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The GOP’s Cleveland Message to Trump: You’re Fired

The opinions expressed by columnists are their own and do not necessarily represent the views of Townhall.com.

In less than a month, the GOP will choose its nominee in Cleveland, a city reveling in its first major sports championship since 1964.  Until the Cleveland Browns season begins, Cleveland is for winners.  Donald Trump has promised to make America great again, but is Trump capable of delivering a win for the GOP and the country?  His responses to the Orlando massacre suggest otherwise.    

The man whose campaign was ignited by a serious concern – Muslim terrorism – but appropriately vilified for his proposal to address it – banning Muslim immigration – was given a political mulligan, a chance to show the country he’s presidential timbre after his questionable attacks on the federal judge hearing the case against Trump University. The political moment didn’t require Trump to do anything new or novel: express sympathy for the victims and condemn the shooter, and he would have acquitted himself respectably.

But Trump couldn’t help himself: he went on a gloating parade and instead of issuing a presidential sounding message of resolve and comfort, Trump congratulated himself on his supposed foresight about Islamic terrorism and used the tragedy as another chance to push his ludicrous proposal to ban Muslim immigrants.

This all-about-me response reinforced the idea that his whole campaign is just a promotional tour for Trump.  Trump also failed a vital test for the office he seeks.  The president is not only commander-in-chief, but also comforter-in-chief.  After Trump’s post-Orlando performance, could anyone see him in that role?

Trump’s Orlando response also highlighted his shoot from the hip approach to difficult policy issues.  Weighing in on the gun control debate, he said that the shooting may not have happened if club patrons had been armed, but then clarified that he was referring to security guards or employees. Right.

The result of this incoherence is that America isn’t buying Trump, literally.  Trump and the RNC raised only $18.6 million in May, a quarter of what Mitt Romney raised four years ago, and Trump has only $1.3 million in the bank now. Too, the RNC’s cash on hand, $20 million, is only a third of what it was four years ago.  

Incredibly, the Trump campaign has only 70 staff members nationwide, just a few shy of Hillary Clinton’s 700.  And the Trump campaign, which has not aired a TV ad since May, has not booked any advertising for the summer or fall.  Perhaps for these reasons, and the flagging poll numbers, Trump’s campaign manager, Corey Lewandowski, called it quits on Monday, calling into question the future of the Trump train.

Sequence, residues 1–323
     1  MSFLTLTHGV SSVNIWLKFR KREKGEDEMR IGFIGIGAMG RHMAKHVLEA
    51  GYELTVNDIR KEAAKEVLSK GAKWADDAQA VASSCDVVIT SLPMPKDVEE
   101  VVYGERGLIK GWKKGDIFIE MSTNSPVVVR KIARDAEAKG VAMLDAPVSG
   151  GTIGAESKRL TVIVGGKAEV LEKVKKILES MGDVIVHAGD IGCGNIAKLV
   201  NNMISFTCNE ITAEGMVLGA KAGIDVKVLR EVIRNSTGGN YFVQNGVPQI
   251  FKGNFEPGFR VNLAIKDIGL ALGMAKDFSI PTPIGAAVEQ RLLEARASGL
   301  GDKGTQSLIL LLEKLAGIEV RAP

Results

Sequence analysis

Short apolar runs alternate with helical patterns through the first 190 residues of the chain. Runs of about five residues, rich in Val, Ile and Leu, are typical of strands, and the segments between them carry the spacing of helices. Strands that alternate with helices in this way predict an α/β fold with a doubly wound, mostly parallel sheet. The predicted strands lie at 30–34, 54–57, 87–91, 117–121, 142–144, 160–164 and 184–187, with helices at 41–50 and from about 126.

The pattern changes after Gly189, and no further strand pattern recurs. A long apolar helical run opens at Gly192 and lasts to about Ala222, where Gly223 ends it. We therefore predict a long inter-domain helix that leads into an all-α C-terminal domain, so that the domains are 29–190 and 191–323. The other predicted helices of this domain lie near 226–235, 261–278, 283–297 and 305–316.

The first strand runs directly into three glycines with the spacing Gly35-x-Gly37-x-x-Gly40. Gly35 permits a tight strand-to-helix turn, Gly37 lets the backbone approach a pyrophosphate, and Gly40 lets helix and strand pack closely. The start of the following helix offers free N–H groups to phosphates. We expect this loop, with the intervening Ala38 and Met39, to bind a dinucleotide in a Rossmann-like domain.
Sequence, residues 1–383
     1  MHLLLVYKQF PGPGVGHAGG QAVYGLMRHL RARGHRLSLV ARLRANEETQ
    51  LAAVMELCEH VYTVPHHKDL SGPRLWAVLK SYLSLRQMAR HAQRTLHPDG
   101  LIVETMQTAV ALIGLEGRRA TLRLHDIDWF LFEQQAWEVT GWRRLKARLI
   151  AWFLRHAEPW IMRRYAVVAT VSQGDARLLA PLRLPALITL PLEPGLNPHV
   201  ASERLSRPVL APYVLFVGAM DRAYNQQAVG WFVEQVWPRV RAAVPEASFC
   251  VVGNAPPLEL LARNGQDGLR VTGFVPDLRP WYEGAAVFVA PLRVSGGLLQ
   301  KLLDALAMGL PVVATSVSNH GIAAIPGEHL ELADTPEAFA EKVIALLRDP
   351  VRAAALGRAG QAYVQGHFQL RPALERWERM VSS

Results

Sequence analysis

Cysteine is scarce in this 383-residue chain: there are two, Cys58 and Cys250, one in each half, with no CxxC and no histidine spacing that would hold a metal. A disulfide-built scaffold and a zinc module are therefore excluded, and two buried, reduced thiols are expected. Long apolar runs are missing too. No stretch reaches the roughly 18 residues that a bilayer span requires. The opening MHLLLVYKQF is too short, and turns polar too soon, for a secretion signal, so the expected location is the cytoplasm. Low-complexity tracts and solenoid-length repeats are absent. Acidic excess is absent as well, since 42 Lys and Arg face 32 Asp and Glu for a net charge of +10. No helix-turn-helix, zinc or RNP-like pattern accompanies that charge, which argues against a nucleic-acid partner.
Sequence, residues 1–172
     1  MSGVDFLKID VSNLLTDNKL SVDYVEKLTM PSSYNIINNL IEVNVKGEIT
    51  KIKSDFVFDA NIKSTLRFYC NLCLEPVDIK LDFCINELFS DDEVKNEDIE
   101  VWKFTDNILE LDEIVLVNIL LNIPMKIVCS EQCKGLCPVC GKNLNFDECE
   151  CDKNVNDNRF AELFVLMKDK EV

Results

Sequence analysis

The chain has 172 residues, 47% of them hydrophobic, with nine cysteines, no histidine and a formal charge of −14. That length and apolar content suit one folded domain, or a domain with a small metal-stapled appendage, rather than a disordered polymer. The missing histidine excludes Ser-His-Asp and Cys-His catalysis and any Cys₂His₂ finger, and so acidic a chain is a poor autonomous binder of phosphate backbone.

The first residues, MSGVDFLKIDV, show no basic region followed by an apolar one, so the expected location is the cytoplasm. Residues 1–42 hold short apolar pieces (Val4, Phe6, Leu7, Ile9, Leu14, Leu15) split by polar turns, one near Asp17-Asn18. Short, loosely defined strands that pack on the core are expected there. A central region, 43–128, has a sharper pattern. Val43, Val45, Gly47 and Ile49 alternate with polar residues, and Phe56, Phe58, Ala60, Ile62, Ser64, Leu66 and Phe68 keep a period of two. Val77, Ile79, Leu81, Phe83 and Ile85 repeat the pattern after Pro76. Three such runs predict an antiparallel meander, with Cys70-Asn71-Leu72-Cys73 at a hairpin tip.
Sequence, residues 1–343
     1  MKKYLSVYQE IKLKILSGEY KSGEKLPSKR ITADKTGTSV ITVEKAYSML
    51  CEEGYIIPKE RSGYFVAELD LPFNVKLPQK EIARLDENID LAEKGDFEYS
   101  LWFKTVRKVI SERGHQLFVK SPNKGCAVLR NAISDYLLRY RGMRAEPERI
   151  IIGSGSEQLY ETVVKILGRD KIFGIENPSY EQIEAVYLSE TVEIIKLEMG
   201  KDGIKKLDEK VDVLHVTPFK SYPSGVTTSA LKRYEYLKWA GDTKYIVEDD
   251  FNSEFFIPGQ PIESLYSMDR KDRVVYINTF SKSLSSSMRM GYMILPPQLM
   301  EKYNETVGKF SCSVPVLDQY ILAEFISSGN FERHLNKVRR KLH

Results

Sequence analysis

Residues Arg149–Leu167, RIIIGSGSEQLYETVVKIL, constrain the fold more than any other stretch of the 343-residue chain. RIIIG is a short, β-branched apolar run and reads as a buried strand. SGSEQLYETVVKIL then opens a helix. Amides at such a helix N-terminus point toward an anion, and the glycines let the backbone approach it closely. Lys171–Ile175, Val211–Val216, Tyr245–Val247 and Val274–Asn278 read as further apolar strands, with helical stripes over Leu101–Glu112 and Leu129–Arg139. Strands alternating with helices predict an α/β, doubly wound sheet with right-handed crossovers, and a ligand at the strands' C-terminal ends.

It didn’t have to be this way.  After his record setting presidential primary campaign, in which he won more GOP primary votes than anyone ever had (nearly 14 million), Trump drew even with Hillary Clinton in the national polls, and led in critical swing state polls.  

Then, Orlando terrorist Omar Mateen’s rampage reminded the nation that President Obama was tragically wrong when he called ISIS the jayvee team, and confirmed that Trump was correct about the threat of Islamist terror.  Unfortunately, Trump’s response to the shooting makes him more like the Golden State Warriors, squandering momentum at the moment of truth.  

Despite the torrent of bad news, Hillary Clinton is still Hillary Clinton.  The email investigation persists, Bernie Sanders’ voters aren’t rushing to her, and Hillary is not trusted by many in her own party and most outside it.

Also, the Obama administration validates Trump’s concerns, and his appeal, by its persistent refusal to call the enemy what it is: Islamic.  When the Obama administration announced its intention to redact from the Orlando 911 calls any references to ISIS, it magnified two of Trump’s attributes: he calls it like it is, and he isn’t politically correct.  

So Trump still has an opening, a very narrow one.  If he takes a Twitter timeout, raises real money and starts acting like a future president, he could salvage his campaign. If not, the GOP should amend its convention rules, free the pledged delegates, and dump Trump in favor of someone whose very existence does not threaten the GOP’s control of the nation’s gubernatorial offices, statehouses, and Congress, someone who can actually make good on the promise to make America great again.

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